Reading and Writing: An Interdisciplinary Journal 11: 381–403, 1999.
© 1999 Kluwer Academic Publishers. Printed in the Netherlands.
The effects of ﬁrst language orthographic features on word
recognition processing in English as a second language
Joetsu University of Education, Niigata, Japan
Abstract. This study investigated the possible effects of ﬁrst language (L1) orthographic
characteristics on word recognition in English as a second language (ESL). Case alternation
was used to examine the impact of visually distorted words of different types on ﬂuent ESL
readers’ word recognition in naming. Visual distortion of word shape (i.e., cAsE aLtErNa-
TiOn) was utilized because, although visually distorted words have lost word-shape cues, they
preserve the cue value of words (i.e., spelling patterns). It, therefore, was hypothesized that
if one is sensitive to alphabetic orthography, or if one’s inner mechanism of processing an
alphabetic word is efﬁcient, then the visual disruption of word-shape cues should not affect
one’s sensitivity to sequences of letters in words. In other words, this study focused on the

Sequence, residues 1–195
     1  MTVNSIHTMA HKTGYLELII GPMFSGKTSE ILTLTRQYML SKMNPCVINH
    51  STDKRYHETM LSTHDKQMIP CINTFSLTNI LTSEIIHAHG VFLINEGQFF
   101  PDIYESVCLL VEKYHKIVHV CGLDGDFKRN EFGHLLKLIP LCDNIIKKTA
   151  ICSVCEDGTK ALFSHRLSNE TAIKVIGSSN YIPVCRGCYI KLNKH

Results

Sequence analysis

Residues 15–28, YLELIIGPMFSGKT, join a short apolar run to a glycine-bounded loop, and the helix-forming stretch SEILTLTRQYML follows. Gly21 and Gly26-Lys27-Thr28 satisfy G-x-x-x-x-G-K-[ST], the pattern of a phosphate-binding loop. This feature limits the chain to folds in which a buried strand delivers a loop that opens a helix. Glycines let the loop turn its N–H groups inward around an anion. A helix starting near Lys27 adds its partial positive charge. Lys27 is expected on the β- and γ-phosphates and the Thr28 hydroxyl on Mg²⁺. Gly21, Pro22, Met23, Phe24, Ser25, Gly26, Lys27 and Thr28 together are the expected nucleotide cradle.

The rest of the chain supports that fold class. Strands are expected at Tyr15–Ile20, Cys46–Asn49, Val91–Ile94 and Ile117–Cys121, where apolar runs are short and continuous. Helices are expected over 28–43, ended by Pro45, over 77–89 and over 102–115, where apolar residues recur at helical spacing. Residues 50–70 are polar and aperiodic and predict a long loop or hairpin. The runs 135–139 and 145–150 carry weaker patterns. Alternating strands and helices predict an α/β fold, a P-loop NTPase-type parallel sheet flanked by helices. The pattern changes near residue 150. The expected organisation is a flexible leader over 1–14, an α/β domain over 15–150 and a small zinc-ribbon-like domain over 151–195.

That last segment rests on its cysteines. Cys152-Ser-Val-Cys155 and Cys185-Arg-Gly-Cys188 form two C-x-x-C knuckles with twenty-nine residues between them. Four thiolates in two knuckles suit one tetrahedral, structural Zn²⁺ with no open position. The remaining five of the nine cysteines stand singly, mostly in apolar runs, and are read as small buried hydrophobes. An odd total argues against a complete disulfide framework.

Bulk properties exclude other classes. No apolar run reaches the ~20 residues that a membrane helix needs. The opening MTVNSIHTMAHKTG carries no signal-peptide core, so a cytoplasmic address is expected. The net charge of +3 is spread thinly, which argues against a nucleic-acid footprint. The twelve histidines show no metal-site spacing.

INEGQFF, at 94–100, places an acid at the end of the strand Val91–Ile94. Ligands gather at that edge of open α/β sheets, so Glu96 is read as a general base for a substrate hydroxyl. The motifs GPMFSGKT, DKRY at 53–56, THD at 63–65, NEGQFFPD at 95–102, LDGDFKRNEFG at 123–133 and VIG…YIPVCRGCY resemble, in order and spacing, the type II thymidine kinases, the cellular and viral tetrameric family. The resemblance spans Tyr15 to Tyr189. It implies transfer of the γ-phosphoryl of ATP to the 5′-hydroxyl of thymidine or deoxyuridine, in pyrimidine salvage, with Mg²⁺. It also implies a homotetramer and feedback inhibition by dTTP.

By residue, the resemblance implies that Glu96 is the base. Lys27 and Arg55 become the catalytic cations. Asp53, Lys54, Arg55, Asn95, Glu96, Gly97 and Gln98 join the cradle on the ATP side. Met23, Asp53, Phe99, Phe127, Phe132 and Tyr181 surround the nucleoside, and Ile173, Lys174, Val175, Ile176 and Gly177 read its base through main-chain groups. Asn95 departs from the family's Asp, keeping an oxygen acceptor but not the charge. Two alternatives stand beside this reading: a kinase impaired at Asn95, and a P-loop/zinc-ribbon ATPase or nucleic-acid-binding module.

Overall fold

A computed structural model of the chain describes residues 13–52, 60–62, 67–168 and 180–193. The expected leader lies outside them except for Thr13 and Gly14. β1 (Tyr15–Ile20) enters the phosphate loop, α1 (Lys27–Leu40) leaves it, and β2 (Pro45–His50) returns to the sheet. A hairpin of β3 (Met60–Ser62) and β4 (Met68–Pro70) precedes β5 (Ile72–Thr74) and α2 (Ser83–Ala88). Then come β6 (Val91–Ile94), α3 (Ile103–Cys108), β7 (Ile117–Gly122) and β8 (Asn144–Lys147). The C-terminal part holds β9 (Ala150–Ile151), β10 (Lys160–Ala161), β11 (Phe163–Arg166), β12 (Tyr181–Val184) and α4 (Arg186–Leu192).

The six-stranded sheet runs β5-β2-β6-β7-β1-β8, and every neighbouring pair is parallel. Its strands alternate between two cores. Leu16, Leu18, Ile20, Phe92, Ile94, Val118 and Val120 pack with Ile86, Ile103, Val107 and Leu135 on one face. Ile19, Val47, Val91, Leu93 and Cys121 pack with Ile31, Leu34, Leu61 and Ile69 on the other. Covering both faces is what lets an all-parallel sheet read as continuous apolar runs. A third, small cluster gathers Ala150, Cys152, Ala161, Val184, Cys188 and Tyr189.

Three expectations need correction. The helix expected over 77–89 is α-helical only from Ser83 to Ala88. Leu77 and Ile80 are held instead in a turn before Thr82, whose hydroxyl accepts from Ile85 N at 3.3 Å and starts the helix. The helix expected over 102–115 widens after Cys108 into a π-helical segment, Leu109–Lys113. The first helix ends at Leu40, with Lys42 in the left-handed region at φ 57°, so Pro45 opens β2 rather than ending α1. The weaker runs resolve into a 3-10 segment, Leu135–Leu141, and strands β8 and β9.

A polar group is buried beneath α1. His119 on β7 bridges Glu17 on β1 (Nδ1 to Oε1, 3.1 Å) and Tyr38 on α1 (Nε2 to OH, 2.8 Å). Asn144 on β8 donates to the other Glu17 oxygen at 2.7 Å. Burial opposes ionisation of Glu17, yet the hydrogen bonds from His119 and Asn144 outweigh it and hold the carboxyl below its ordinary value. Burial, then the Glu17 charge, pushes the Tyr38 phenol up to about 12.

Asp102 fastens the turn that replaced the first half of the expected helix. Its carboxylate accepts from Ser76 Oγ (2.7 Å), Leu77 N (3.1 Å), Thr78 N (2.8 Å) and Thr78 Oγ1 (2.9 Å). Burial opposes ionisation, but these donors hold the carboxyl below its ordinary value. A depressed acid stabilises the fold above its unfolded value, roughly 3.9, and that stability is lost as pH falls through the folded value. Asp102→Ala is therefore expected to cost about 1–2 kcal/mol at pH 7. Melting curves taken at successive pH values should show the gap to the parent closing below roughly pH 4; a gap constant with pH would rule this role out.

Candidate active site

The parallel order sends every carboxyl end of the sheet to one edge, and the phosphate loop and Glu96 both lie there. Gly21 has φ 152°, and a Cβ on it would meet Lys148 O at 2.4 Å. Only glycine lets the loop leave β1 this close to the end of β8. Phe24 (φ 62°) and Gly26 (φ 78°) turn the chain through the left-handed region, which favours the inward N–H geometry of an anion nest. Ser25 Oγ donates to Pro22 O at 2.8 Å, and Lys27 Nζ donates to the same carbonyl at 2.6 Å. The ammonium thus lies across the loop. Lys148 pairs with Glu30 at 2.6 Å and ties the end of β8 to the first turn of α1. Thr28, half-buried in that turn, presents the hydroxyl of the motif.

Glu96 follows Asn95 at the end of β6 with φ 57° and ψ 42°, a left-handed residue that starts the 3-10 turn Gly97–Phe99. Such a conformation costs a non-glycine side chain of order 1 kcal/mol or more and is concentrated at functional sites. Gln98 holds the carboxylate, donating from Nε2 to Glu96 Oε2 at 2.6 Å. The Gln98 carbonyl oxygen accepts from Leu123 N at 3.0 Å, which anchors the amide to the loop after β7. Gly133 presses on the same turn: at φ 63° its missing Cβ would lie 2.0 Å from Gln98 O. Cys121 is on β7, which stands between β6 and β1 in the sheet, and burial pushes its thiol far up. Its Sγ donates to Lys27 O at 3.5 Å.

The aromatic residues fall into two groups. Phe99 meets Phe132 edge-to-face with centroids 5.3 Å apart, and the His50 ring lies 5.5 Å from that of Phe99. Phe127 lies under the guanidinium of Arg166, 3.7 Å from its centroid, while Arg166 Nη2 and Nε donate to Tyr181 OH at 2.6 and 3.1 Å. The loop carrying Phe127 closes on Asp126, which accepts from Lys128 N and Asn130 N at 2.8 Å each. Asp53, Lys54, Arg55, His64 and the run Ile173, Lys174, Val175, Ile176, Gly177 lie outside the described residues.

magnitude of the effect of case alternation in word recognition as an index of the sensitivity
to alphabetic words. Results showed that the magnitude of the case alternation effect in a
naming task was signiﬁcantly larger for the ESL participants whose L1 is not alphabetic
(i.e., Chinese and Japanese) than the ESL participants whose L1 is alphabetic (i.e., Iranians –
Persian as L1). This result seems to indicate that the Persian speakers, due to the facilitating
inﬂuence of their L1 orthography, were less inﬂuenced by case alternation than the Chinese
and Japanese speakers, whose L1 orthographies are not alphabetic. This ﬁnding suggests that
the ﬁrst language orthographic features affect the orthographic coding mechanisms (i.e., word
recognition mechanisms) in a second language.
Keywords: Case alternation, Language transfer, Orthographic processing, Second language,
Reading is a complex, cognitive activity. When a reader ﬁxates on a word,
the word is transformed into its corresponding mental representation, and
all the relevant information about the word (e.g., semantic and syntactic
information) is retrieved from either long-term memory or the lexicon. The
retrieved information is then used to perceive the following word(s) in text.
The cognitive processing from the point of ﬁxation to lexical access is called
bottom-up or lower-order processing, and is considered to be one of the foun-
dational components of reading (e.g., Gough 1984; Stanovich 1991). This
basic processing is widely acknowledged to be as important as top-down